Topic of the Week 6/27/2019 - Introductory & Certified

Methode Ancestrale discussion last week from , , and .  There was some confusion as to whether or not Ancestrale wines are disgorged and the answer is yes and yes. Traditionally they were not, but modern technology has made it optional and they often now are for aesthetic reasons. Pet-Nat has the same option as they can be produced in the the same way, but are often seen still on lees in my experience and in my opinion for aesthetic reasons as well albeit different ones.

This week: Trappist beer

What qualifies? Name 3 producers.

  • Just wondering if you meant yes and no instead of yes and yes? Or did you mean yes they are riddled and yes disgorged? Slightly confused :) 

  • Trappist beer- Beer produced under the supervision of monks within the walls of a Benedictine Abbey, must have permission to put the Trappist logo on the bottle and the proceeds must go to the upkeep of the Abbey or to a local charitable cause.

    Producers - Chimay, Orval, Westmalle Tripel

  • Trappist beer is a designation, not a style. A Trappist brewery is located at a monastery and operated under the supervision of Trappist monks.The monasteries all make goods, most commonly beer and cheese, that they sell in order to fund themselves.

    Abbey is produced in the style of the Trappist monasteries. It isn't necessarily produced by a monastery and is usually sold for commercial value. There are some exceptions.

    14 Trappist brews around the globe. I’ll name a few.

    Belgium: Westvleteren, Chimay, Orval, Rochefort, Westmalle, Achel 

    Spain: Cerveza Cardeñas

    Austria: Stift Engelszell

    France: Mont des Cats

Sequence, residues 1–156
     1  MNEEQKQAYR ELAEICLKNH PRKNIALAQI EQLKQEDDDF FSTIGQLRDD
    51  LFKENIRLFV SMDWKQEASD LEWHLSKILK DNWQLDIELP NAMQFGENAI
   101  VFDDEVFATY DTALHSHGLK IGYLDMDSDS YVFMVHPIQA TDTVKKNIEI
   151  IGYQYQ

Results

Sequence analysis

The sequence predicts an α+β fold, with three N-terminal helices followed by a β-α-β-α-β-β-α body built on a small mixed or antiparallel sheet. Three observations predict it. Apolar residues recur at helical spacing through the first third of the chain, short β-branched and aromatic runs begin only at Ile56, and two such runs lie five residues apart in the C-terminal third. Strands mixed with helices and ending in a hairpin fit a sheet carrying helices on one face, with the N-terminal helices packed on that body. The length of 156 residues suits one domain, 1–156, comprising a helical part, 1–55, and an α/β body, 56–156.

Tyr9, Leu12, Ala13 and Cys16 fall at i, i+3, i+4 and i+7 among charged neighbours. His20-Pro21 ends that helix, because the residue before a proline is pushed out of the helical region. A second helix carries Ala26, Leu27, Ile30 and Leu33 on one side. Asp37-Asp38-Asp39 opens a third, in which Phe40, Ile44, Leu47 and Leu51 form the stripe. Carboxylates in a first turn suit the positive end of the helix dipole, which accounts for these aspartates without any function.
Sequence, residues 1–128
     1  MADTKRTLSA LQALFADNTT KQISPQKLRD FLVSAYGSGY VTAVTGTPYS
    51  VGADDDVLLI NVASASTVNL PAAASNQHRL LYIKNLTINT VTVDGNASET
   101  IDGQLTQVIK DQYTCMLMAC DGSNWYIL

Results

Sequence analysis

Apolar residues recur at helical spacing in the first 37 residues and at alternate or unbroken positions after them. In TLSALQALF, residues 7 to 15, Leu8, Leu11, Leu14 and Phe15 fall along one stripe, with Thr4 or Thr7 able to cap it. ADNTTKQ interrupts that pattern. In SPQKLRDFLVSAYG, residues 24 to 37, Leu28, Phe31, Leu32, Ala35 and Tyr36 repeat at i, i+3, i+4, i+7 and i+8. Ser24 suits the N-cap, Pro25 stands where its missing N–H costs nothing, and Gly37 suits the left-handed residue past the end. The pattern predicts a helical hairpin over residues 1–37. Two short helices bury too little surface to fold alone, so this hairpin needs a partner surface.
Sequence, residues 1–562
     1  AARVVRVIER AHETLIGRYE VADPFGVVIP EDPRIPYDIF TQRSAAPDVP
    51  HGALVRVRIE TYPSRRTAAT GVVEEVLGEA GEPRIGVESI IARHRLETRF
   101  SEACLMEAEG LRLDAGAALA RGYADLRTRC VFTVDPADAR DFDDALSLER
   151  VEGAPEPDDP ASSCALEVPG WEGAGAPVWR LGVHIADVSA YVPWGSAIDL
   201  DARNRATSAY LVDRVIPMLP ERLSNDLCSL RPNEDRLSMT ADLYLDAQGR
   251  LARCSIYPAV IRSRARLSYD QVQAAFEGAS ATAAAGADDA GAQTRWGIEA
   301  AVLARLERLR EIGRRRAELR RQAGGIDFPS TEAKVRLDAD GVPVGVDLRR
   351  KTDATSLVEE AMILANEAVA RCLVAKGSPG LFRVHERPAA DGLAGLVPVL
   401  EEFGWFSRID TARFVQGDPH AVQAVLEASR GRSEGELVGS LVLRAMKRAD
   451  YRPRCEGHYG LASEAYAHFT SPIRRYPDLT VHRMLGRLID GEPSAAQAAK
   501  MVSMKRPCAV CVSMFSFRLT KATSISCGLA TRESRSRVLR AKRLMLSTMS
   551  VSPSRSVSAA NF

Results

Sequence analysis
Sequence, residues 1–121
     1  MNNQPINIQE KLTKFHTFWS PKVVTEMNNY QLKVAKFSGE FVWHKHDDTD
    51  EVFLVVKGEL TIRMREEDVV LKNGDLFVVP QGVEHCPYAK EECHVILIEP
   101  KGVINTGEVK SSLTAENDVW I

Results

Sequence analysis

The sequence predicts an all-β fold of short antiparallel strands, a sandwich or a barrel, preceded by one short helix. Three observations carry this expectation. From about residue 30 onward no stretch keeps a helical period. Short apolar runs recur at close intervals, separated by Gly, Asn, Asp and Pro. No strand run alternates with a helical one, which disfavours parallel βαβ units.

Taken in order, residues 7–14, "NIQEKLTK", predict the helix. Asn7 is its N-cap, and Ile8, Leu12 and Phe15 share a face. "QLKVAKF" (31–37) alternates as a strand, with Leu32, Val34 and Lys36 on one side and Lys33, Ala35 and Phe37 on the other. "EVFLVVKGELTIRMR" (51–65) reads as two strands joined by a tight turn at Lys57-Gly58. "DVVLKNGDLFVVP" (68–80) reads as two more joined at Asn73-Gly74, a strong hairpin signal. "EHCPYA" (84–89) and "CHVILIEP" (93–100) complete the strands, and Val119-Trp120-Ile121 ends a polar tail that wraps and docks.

Italy: Tre Fontane

    England: Mount St Bernard Abbey

    USA: St Joseph’s Abbey

  • The Trappists, or the Cistercian Order of the Strict Observance (COSO), are a Roman Catholic religious order that strictly adheres to the rule of St. Benedict, a set of monastic values emphasizing work, humility, prayer, and compassion. 

    All across the world, there are over 200 Trappist monasteries--only 14 are currently making beer. The term Trappist Beer is commonly misassociated with a style of beer, but in reality, it is a beer that adheres to a strict set of rules which can be made in a variety of styles. 

    In 1997 the rules of production for Trappist beer was agreed upon and the International Trappist Association was created. 

    The rules being: 

    1. The beer must be brewed within the walls of a Trappist monastery and the work must be done either by monks themselves or under the direct supervision of monks.
    2. The brewery must be of secondary importance to the monastery.
    3. Income from the brewery is meant for the sustainment of the monastic way of life and, thus, additional proceeds are to be used for charity.
    4. The ITA itself will constantly monitor breweries carrying the Trappist name and logo in order to ensure the quality of their beers.

    As mentioned previously, there are several styles of Trappist Ales--which are typically top fermented, undergo secondary fermentation in the bottle with no pasteurization--with the two major styles being dubbel and tripel.

    Some of my favorite producers are: 

    Achel with has roots back to 1686, and produces three ales: 

    1. Blond 8
    2. Brune
    3. Extra Brune

    Rochefort as a brewery founded in 1595 with the abbey having roots back to 1200. It produces three brews:

    1. Rochefort 6
    2. Rochefort 8
    3. Rochefort 10

    Tre Fontane recently added to the list in 2014 produces a nice tripel